What’s the Best Way to Stop Creating Jobs?


WASHINGTON, DC - NOVEMBER 14: Nominee for the Federal Reserve Board Chairman Janet Yellen leaves after her confirmation hearing November 14, 2013 on Capitol Hill in Washington, DC. Yellen will be the first woman to head the Federal Reserve if confirmed by the Senate and will succeed Ben Bernanke.
National Journal
Catherine Hollander
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Catherine Hollander
Feb. 11, 2014, midnight

Janet Yel­len has a lonely prob­lem: While the rest of Wash­ing­ton fights to start an eco­nom­ic stim­u­lus pro­gram, the new Fed­er­al Re­serve head is tasked with shut­ting one down.

Her task is a daunt­ing one. The Fed has long prom­ised to wind down its re­ces­sion-era stim­u­lus blitz, but if it goes too quickly, the cent­ral bank could drop the bot­tom out from un­der a still-shaky eco­nomy. And if it goes too slowly, the Fed risks put­ting the eco­nomy on course for an­oth­er crisis.

But however Yel­len plans to make it work, she’s go­ing to have to ex­plain her­self — fast. Just eight days in­to her four-year term as head of the Fed, Yel­len heads to Cap­it­ol Hill Tues­day to ar­tic­u­late her vis­ion to the GOP-led House Fin­an­cial Ser­vices Com­mit­tee.

First up on Yel­len’s to-do list: What to do with a bond buy­ing pro­gram that has been un­der­way since Sep. 2012. The Fed began “taper­ing,” or slow­ing down the pace of as­set pur­chases, in Decem­ber. After two months of $10 bil­lion cuts, the cent­ral bank is cur­rently pur­chas­ing $65 bil­lion each month to shore up the eco­nomy. The goal of the bond buy­ing pro­gram, known as quant­it­at­ive eas­ing, is to bring down long-term in­terest rates and spur eco­nom­ic growth. But it could gen­er­ate fin­an­cial in­stabil­ity (a bubble) or in­fla­tion if it goes on for too long, a con­cern of­ten voiced by con­gres­sion­al Re­pub­lic­ans.

Know­ing when “too long” is reached is a chal­lenge for mon­et­ary poli­cy­makers. In­fla­tion is cur­rently in check, but the last few months of eco­nom­ic data have presen­ted con­fus­ing sig­nals about the re­cov­ery’s strength, made fuzzy by weath­er in­ter­fer­ence. Yel­len is ex­pec­ted to re­it­er­ate in testi­mony that the cent­ral bank will be look­ing closely at the data when it de­cides wheth­er to con­tin­ue taper­ing when the policy-set­ting com­mit­tee meets again in late March. She may also em­phas­ize a longer view, in­dic­at­ing the Fed sees strength be­low the re­cent choppy num­bers. “I think what she’ll point to is [the Fed’s poli­cy­makers] genu­inely be­lieve the un­der­ly­ing fun­da­ment­als of the eco­nomy are im­prov­ing,” said Richard Moody, chief eco­nom­ist at Re­gions Fin­an­cial Cor­por­a­tion.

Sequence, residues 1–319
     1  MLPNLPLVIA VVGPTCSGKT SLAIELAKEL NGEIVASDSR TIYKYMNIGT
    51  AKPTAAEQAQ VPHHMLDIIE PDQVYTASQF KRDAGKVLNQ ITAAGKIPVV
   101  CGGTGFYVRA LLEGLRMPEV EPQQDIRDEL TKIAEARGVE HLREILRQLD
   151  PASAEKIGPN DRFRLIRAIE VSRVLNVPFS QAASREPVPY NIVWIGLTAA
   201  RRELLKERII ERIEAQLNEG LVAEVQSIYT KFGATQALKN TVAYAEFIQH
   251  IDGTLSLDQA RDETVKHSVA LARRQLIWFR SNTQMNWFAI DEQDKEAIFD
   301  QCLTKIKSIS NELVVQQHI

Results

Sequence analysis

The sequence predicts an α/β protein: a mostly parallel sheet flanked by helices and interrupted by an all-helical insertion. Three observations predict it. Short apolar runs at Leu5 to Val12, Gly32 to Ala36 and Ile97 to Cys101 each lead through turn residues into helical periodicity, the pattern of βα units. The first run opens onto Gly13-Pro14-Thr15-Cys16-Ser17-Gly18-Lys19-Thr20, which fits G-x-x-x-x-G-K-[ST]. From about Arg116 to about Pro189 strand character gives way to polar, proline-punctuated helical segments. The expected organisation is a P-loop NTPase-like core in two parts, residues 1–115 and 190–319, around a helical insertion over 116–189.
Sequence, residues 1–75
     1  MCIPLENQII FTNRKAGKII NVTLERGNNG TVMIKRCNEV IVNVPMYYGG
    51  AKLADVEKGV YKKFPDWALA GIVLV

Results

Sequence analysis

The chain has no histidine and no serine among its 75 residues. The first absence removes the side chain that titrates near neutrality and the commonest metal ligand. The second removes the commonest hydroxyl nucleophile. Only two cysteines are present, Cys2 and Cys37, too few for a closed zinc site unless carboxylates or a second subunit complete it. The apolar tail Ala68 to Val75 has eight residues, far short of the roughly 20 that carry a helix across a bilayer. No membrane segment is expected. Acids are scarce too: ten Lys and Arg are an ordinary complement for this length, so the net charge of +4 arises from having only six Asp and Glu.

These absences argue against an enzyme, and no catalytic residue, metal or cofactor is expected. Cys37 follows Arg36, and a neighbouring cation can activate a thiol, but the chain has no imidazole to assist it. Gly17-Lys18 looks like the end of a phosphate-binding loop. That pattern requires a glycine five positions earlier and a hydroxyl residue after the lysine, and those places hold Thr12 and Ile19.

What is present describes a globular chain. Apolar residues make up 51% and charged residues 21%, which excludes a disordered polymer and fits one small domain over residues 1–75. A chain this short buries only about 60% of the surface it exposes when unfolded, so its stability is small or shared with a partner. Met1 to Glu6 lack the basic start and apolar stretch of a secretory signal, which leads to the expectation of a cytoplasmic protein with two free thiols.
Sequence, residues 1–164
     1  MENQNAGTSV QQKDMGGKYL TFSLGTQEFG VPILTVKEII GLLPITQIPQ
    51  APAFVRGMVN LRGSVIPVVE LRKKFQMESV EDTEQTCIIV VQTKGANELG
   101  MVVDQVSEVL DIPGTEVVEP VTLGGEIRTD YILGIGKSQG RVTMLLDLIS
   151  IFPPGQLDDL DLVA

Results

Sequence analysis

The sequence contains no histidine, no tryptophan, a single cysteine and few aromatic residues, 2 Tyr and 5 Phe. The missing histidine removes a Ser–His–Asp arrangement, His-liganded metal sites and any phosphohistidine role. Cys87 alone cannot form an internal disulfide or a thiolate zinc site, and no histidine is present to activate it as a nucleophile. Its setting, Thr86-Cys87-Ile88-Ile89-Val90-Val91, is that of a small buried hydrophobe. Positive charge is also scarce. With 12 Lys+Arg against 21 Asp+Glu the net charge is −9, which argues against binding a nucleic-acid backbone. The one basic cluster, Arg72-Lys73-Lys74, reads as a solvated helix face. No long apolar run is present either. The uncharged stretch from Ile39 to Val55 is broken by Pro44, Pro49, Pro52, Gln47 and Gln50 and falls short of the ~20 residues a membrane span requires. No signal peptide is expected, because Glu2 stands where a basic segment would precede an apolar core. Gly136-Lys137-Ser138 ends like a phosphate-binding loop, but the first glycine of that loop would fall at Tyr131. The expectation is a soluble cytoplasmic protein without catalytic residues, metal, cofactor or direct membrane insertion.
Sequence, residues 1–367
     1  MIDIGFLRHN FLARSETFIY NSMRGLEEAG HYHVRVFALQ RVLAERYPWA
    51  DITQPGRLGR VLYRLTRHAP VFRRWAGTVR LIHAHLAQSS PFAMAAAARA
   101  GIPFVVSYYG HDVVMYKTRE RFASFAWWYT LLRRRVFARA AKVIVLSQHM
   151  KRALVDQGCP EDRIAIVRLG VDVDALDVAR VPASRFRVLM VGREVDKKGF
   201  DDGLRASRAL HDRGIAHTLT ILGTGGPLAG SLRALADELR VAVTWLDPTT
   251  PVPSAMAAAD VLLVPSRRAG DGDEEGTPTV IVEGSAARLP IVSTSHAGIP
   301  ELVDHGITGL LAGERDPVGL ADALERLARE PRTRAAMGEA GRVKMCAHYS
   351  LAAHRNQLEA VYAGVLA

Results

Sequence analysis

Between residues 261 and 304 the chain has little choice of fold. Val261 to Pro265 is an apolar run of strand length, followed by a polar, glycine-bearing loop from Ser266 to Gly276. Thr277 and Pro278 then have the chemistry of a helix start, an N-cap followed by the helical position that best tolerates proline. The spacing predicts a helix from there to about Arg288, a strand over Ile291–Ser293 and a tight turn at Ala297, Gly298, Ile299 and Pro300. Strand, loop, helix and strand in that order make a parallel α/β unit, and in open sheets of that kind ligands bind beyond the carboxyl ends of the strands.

Even­tu­ally, the end of bond-buy­ing will cause mort­gage rates and oth­er long-term in­terest rates, like those for cars and stu­dent loans, to rise. But Mark Ham­rick, Wash­ing­ton bur­eau chief for Bankrate.com, said after the Fed’s de­cision to cut an­oth­er $10 bil­lion last month that bor­row­ers are un­likely to feel much im­pact of taper­ing for an­oth­er year.

“These are some of the low­est rates that have been seen in gen­er­a­tions sort of across the bor­row­ing spec­trum, and that out­look re­mains prob­ably for the bal­ance of this year,” Ham­rick said. “What hap­pens after that is very much de­pend­ent on what hap­pens with the broad­er eco­nomy.”

An­oth­er key part of Yel­len’s job will be de­term­in­ing and com­mu­nic­at­ing when the cent­ral bank should raise its bench­mark in­terest rate (this is ex­pec­ted to hap­pen after the bond-buy­ing pro­gram has been un­wound). The fed­er­al funds rate, which the cent­ral bank sets and then ripples through in­terest rates across the eco­nomy, has been near zero since Dec. 2008. Like bond buy­ing, the goal of keep­ing the fed­er­al funds rate low is to en­cour­age spend­ing and in­vest­ment to grow the eco­nomy.

And as with bond buy­ing, keep­ing the rate low for too long risks high­er-than-de­sired in­fla­tion. In Dec. 2012, the Fed said it would start to raise the rate some time after the na­tion­al un­em­ploy­ment rate reached 6.5 per­cent. Now, the U.S. job­less rate hov­ers just one-tenth of a per­cent­age point above that level.

But the un­em­ploy­ment rate by it­self is in­creas­ingly viewed as a poor gauge of labor mar­ket health, and few think the Fed is ready to raise in­terest rates in the com­ing months. The job mar­ket is still widely be­lieved to be weak, and the un­em­ploy­ment rate has been on the de­cline at least partly for “the wrong reas­ons” — people leav­ing the labor mar­ket — which, be­cause of the way the job­less rate is cal­cu­lated, ac­tu­ally brings down that head­line num­ber.

Eco­nom­ists are hop­ing Yel­len will give a bet­ter sense Tues­day of when and how the Fed will make the call to raise the fed­er­al funds rate. They might be dis­ap­poin­ted; Yel­len may want to wait un­til the Fed’s next policy-set­ting meet­ing, which is set for March 18-19, and ac­com­pa­ny­ing press con­fer­ence to get in­to spe­cif­ics, pre­fer­ring not to front-run the com­mit­tee she’ll be rep­res­ent­ing be­fore Con­gress this week.

Of course, Yel­len could al­ways be pinned down on something un­ex­pec­tedly in the ques­tion-and-an­swer peri­od with mem­bers of the House Fin­an­cial Ser­vices Com­mit­tee. And law­makers in the oth­er cham­ber will have a chance to fol­low up on Thursday, when she ap­pears be­fore the Sen­ate Bank­ing Com­mit­tee.

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